It stands to reason that the closure of the U.S.-Canada border for all nonessential travel is being extended. Following a new agreement between Ottawa and Washington this week, the closure will extend until Aug. 21. Given the growing chaos that the United States is currently facing with the COVID-19 pandemic, it is easy to see that reopening at the end of August will still be a problem. Individuals with an “every man for himself” mindset who’ve reentered Canada from the United States saw their numbers rise 50% during the crisis — solid evidence of the chaos our sick neighbors have not succeeded in containing.
The debates in America are ours, too, and a large part of the world’s debates: quarantines vs. reopening, masks, testing, social distancing, kids returning to school, hospitals overflowing, but in the United States these debates are made even more difficult by partisan divisions that have been poisoning politics for a long time, as well as by a president, Donald Trump, who will not admit that a virus could paralyze the most powerful economy in the world, in turn compromising his own reelection. This man cannot get it into his head, during this horrible time in which fuel is constantly added to the fire, that containing the virus and reviving the economy are two complementary objectives, not contradictory ones.
Far from having disappeared as if by miracle in the spring, as Trump had predicted in February, the infection rate is currently increasing in 41 states. It is most virulent in Florida, Texas, Arizona and California. In fear of experiencing another catastrophe, the state of New York is trying to rigorously set guidelines for travel between states, supposing that this would even be possible. And if governors this week, in a hurry to reopen businesses, seemed to see the amount of resurgence as a risk, the reopening is either in disarray or governors are dragging their feet. The pandemic is worsened here and there by disputes between the levels of government about procedures; for example Georgia, where the Republican governor and the Democratic mayor of Atlanta are at each other’s throats.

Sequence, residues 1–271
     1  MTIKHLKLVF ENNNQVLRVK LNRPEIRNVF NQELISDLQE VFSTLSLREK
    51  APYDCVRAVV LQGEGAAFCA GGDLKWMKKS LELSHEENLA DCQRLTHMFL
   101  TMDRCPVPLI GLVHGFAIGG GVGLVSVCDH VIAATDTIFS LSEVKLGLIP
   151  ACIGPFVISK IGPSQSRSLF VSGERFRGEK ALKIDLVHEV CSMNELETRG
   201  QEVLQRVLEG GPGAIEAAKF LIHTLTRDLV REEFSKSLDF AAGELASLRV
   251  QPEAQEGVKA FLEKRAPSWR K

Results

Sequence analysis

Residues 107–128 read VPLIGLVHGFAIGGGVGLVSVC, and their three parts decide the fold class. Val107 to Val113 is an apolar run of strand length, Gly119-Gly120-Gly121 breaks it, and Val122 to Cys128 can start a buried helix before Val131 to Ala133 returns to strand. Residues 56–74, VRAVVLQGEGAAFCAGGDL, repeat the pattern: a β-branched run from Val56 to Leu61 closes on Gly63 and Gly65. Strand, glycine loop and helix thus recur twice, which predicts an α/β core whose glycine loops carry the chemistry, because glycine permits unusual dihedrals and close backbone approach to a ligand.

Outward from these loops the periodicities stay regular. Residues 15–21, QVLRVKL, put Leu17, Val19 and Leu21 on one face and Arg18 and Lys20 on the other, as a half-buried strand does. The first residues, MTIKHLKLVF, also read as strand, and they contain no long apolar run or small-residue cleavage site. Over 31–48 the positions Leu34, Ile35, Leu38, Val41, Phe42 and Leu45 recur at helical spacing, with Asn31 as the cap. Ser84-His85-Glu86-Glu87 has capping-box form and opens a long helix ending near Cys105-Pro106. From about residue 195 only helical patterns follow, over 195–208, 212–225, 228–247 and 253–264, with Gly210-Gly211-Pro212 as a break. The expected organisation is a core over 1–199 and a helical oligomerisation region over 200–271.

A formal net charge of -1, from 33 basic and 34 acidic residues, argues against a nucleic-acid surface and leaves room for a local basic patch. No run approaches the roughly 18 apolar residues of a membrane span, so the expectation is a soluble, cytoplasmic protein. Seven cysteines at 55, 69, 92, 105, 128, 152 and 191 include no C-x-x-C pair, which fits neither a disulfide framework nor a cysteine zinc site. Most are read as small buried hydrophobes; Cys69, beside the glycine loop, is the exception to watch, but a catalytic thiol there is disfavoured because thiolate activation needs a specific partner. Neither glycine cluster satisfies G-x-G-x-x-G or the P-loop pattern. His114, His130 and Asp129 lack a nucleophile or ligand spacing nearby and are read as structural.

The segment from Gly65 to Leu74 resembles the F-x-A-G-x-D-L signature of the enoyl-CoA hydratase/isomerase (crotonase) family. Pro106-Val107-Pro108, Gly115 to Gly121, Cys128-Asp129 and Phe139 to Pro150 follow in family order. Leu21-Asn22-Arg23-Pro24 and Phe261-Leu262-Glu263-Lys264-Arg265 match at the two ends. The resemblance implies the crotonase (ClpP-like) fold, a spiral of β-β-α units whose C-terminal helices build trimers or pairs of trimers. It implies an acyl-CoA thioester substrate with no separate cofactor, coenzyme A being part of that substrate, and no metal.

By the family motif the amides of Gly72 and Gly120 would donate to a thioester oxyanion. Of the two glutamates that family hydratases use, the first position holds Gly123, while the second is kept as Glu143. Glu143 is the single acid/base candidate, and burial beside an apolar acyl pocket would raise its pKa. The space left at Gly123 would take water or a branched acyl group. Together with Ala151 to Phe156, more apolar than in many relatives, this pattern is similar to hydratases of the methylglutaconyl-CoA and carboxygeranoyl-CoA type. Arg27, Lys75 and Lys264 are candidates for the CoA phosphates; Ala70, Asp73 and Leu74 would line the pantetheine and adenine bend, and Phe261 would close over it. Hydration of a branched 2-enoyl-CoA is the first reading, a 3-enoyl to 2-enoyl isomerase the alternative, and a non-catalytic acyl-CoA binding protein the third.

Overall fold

The pandemic situation is becoming politicized, where bars and masks are just as much public health concerns as they are partisan and cultural war symbols.
For every reaction to proof that the United States is statistically the most affected in the world (140,000 deaths and growing) and shows no signs of improving soon, Trump has in turn tried to discredit Dr. Anthony Fauci, his highly influential and cautious expert on pandemics, and suggested they cut back on testing, based on the persistent logic that if there are fewer tests, there will be fewer cases.
Even worse is the fact that Trump decided Wednesday to unilaterally modify the 50-year-old National Environmental Policy Act by accelerating federal project approvals for infrastructure (highways, power plants, pipelines, etc.) and limiting the time allowed and conditions for public investigation. Many see this as the deregulation measure with the most consequences ever adopted during Trump’s administration. However, he has not bothered to undo anti-pollution laws and regulations for 3 1/2 years.
It would never enter the mind of this climate change denier that this decision will be a monumental error for the future of humanity. That is to say, our growing vulnerability to pandemics has serious and
well-documented ecological causes directly linked to the destruction of our habitats by deforestation, urbanization and industrialization. It is true that Trump is not the only one, far from it, to skip out on this necessary reflection of humanity’s relationship with nature — as, by extension, people skip out on criticizing the man who dominates as a medical authority, and with his flawed character,, has a tendency to fix his mistakes more than take responsibility and prevent them. The problem of overconsumption in our societies is one of medicine, too. In fact, it is “a bit conceited to say that a vaccine is the solution to the current crisis,” as the biologist and humorist Boucar Diouf said in an interview with Devoir.
It is surprising nonetheless that people are not more insistently demanding that Trump resign. What an odd democracy the Americans have. The voters that endure will judge at the polls in November — that is, if they go to the polls at all — having to deal with authorities and jobs. The president, who has no respect for the rule of law, may even decide not to accept the results at all if he loses.